I get it. You hate him or her. I mean, you feel sick to your stomach at the thought of them, envision them spontaneously combusting in front of you, if looks could kill - really hate them.

Ok, maybe that’s overdoing it, but then again...maybe it’s not.

Regardless of how strong your hatred is towards your ex, you’re reading this because you have some pretty strong feelings towards your ex and they’re not good.

You already know that it’s better for your kids if you get along with your ex. You already know that your kids love your ex just as much as they did before your divorce. You already know that badmouthing, or even looking like you are angry at your ex can shut down communication between you and your children, but how do you do what you already know needs to be done when you have such strong opposite feelings towards them?

That’s what this post is for. Read on for my tips to stop hating your ex.

  1. Know that hating them means you’re still tied to them. You want to be free of them, right? You won’t actually be free until you let go of those hateful feelings. How do you do that? I wrote a post on letting go a long time ago, you can read that here. If that doesn’t sound like an exercise you’re willing to take part in, everyone can fake it until they make it. That’s right. Fake respectful feelings towards your ex until you start to let go of some of the hate.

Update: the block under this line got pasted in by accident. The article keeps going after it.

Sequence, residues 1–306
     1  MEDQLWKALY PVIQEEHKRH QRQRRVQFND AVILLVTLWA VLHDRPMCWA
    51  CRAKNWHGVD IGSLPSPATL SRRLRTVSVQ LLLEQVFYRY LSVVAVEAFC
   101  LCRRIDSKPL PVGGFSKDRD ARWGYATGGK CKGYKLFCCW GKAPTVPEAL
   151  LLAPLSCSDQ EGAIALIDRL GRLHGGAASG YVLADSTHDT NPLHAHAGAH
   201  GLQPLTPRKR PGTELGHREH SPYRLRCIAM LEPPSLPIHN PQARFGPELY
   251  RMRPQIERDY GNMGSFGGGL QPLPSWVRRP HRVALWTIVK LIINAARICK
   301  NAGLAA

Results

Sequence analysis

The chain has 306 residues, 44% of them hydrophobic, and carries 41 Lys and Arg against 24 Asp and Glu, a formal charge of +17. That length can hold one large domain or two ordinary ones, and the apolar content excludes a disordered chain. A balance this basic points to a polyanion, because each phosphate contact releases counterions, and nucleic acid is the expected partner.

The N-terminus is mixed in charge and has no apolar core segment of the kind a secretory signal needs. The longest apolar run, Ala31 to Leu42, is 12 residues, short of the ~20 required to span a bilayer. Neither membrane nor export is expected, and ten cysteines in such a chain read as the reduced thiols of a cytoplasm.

2. Ask yourself how you would want your children to handle the situation if it were them. You know that phrase, “they couldn’t see the forest through the trees”? It can be applied here, too. Sometimes, your feelings are so strong that it’s hard to see past them. The easiest way for parents to do this is to look at it from the point of view of their children. Would you want them to hold onto the hate? The bitterness? The rage? Even if those feelings are justified - they usually are - would you want them to hold onto it?

  3. Accept that it’s a process, but keep moving forward. You can’t just say you’re going to stop hating your ex and have those feelings magically go away. You have to keep working at it everyday. When you notice those feelings creeping in, simply say the word, “Stop” to yourself and redirect your thoughts elsewhere. Obviously, you have to communicate with your ex, so what can you do after the fact to manage the feelings? Listen to music, read a book, exercise, journal - pick something to prevent dwelling on the negative feelings.

Like I said, your feelings are justified, but holding on to them is bad for you, bad for your kids, and prevents you from truly moving on. I want to hear from you, comment below with how you manage your feelings when they come up.

Whether you've achieved this or not, you can still co-parent with your ex. In the co-parenting after divorce videos, we talk about that and many other ways to help you move on. Click on the button below to learn more. 

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Kaern Becker, MA Life Coach